With the meal we had a bottle of 2005 Saint Amour, naturally. What else are you going to drink on your first visit to a brand new restaurant called Saint Amour! At $34 for the bottle it was a fair price. I know what the bottle wholesales for, and this price was as low as you would find at a wine retailer. No ripping off the customers here. And it was quite good, thank you.

For desert we split an ille flotant – another classic French dessert you don’t see here very often. It was quite good, but I was put off by the presentation. The “ille” was a big square block instead of the mountainous pile it usually should be. The big square block gave me that mass production feeling.

So, overall, not a bad start at all. When we went the place had been open for all of 9 days, so clearly some we need to alow for some bugs to work out. Still on a Monday night it was 70% full, and for a new place that is not bad. We will be back in hopes that things go from good to better to great.

My advice to the owner/chef: embrace your French-ness, embrace the brasserie traditions, and embrace the butter, it is after all one of the secrets to classic brasserie cooking.

Le Capitaine

Here is the link to their web page:

La Dijonaise

I eat here fairly often. 


Because it offers French food at very reasonable prices. 

That’s not the only reason, but it is a major one. There is no less expensive French restaurant in Los Angeles than La Dijonaise. It’s not fancy, the decor is basic, but it is clean, very friendly staff and owners, and its at a nice location. They are not trying to be fancy, but do take pride in being good. Not great, but consistently good basic French fare. From escargot to steak frites, poulet dijonaise to duck confit, it is all good, especially when considering the prices. They also have an above average moules frite. Way above average, and for less than anybody else in town that I’ve been able to find. 

Even their desserts are good. Nothing extraordinary, nothing at the level of Anisette, but that’s not why you go here. You go here because you want some good basic French food, friendly service, and your wallet is thin – for that La Dijonaise can’t be beat.

Le Capitaine

Here's the link to their web page:

Anisette Brasserie

Paris in L.A.

Let’s get a few things out of the way
1. It’s noisy
2. It’s expensive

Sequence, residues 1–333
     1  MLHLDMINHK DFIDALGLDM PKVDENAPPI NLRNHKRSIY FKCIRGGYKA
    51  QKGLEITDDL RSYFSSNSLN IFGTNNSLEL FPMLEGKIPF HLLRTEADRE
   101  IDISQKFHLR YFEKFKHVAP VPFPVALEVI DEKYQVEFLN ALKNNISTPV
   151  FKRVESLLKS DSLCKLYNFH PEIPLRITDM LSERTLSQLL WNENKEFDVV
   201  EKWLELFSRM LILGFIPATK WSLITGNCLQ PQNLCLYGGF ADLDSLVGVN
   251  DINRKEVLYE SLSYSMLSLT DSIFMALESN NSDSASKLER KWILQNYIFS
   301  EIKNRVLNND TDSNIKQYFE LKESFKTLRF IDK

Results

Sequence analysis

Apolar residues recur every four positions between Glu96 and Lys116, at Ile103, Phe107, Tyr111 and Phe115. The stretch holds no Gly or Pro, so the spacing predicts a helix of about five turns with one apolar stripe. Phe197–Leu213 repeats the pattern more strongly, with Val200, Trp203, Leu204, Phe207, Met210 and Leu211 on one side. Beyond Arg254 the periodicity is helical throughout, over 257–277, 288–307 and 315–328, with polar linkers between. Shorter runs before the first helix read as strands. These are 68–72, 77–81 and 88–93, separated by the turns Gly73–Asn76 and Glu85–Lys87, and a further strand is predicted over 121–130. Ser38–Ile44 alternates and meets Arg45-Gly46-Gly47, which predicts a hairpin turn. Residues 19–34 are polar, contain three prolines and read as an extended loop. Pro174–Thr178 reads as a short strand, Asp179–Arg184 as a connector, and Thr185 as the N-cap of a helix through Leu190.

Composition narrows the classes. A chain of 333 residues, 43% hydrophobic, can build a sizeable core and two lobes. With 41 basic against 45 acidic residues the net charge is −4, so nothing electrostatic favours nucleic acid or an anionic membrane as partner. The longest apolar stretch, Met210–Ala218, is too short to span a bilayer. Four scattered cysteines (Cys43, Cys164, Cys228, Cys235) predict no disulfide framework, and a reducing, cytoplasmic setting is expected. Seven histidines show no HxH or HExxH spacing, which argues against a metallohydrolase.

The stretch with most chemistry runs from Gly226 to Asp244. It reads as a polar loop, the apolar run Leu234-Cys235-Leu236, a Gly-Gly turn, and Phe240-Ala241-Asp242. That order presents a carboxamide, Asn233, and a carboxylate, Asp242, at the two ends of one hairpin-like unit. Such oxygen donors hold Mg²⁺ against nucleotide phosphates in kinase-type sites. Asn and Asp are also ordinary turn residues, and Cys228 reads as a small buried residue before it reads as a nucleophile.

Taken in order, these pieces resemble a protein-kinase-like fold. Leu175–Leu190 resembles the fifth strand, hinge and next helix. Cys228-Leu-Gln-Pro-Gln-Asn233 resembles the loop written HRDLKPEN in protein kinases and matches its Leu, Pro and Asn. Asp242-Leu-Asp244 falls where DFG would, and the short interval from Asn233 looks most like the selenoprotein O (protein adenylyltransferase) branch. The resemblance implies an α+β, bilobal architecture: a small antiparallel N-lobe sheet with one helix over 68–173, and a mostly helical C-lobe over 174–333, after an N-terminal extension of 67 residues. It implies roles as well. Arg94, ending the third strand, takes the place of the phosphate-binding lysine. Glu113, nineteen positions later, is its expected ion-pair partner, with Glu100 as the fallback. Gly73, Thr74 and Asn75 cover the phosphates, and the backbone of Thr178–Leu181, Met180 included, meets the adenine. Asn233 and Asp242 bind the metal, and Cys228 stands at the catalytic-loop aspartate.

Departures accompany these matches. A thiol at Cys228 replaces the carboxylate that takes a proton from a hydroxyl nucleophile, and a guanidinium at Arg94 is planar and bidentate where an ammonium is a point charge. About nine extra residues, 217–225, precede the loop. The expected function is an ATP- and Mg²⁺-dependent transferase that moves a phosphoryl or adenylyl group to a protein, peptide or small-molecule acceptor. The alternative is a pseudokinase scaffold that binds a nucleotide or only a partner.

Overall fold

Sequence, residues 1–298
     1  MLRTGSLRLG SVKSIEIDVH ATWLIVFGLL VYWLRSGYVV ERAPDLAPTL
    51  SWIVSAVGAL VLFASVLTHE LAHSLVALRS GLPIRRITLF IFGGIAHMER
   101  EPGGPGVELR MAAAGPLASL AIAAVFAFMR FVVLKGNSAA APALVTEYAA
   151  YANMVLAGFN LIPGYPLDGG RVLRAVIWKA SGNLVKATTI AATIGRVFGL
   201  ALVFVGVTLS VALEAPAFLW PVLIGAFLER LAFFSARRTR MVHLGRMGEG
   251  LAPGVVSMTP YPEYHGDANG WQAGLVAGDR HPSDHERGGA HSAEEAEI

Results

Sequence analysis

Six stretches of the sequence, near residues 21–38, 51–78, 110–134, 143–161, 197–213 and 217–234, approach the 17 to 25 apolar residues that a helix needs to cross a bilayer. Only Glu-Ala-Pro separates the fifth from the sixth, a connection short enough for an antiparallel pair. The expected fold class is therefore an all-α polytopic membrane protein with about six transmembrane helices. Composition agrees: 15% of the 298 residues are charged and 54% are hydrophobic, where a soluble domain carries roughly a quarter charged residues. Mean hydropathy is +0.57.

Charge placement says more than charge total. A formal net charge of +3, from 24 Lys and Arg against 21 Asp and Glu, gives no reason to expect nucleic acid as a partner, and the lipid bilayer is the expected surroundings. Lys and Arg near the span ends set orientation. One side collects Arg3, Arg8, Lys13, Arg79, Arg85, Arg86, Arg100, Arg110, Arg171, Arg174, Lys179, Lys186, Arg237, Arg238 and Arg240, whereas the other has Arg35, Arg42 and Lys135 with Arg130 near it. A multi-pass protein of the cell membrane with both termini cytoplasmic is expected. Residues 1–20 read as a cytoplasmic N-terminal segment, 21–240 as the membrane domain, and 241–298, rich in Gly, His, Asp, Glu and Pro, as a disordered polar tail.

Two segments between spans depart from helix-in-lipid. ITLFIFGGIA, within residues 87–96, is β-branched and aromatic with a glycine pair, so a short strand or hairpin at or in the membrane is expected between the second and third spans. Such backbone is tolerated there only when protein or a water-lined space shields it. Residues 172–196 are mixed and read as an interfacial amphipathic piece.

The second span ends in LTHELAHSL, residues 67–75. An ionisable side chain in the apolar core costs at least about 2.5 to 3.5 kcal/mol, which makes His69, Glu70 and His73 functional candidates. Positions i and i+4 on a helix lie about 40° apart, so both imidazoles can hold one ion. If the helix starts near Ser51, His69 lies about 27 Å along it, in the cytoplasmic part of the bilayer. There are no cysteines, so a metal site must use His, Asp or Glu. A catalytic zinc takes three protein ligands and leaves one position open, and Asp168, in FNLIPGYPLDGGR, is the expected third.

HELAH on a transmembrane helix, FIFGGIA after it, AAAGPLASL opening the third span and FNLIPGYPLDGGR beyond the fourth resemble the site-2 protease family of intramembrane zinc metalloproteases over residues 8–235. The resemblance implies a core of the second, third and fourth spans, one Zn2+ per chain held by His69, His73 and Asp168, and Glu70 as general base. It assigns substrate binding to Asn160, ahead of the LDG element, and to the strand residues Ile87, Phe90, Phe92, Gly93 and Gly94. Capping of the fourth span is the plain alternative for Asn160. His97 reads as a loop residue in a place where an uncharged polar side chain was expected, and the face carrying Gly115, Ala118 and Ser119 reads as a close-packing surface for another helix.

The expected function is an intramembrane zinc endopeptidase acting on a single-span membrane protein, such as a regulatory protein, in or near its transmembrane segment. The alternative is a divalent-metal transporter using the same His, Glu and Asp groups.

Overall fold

3. The service is good, considering the atmosphere, noise, crowding and general liveliness of the place.

OK those are the negatives. Here are the positives: This brasserie is just like eating in Paris: It’s noisy, expensive and the service is good considering the atmosphere, noise, crowding and general liveliness of the place.

The place is ALIVE. The décor is authentic. And the food is REAL French food, which mean’s it’s absolutely fantastic. This is not a place you go to, to see and be seen. This is a place you go to because flying to Paris for dinner is at times impractical. 

I’ve eaten at Anisette a dozen times now, and it has NEVER failed to delight the senses. They serve Badoit water – the best in the world. The house carafe of wine is always good, such as you don’t have to look at the wine list if you don’t want to, but if you did the selection of French wines is designed to please the wine lover, not impress the snob. And that philosophy applies to all the food at Anisette. It’s designed to please the senses not impress the snob. Look, you may get stuck at a tiny table on the balcony crowded against other people, but if you love good food, it just won’t matter. Yes it’s expensive. Figure $100 a head for dinner if you have a cocktail, appetizer, entrée, desert and wine. And aside for that little pang of pain when you pay, you won’t care, because your mouth, nose and stomach will be in heaven. You will walk out thinking to yourself… when can I come back?

If you are on a budget, then go for lunch (not breakfast). Things are a bit quieter, and the prices cheaper. You can go in for lunch and get out, including a glass of house wine, for about $35. Not the cheapest lunch in the world, but probably amongst the best in LA. My only regret is that they took the Soup de Poison Provence avec ca Rouille off the menu, and it was the best I’ve ever had in the states.

Last word: Go now before something changes, like they get bought out, or Chef Alain moves on to someplace else, or the in-crowd discovers it and ruins it.

Le Capitaine

Here's the link to the restaurant's web page:


I'm going to start by just posting some restaurant reviews I wrote about some of the local French restaurants here. These were all done last year, well, actually the one on La Dijonaise was about a week ago... that's how goes.

OK, restaurant reviews are not deep thoughts or profound pontification, but it is useful, right?

They'll be more.

Le Capitaine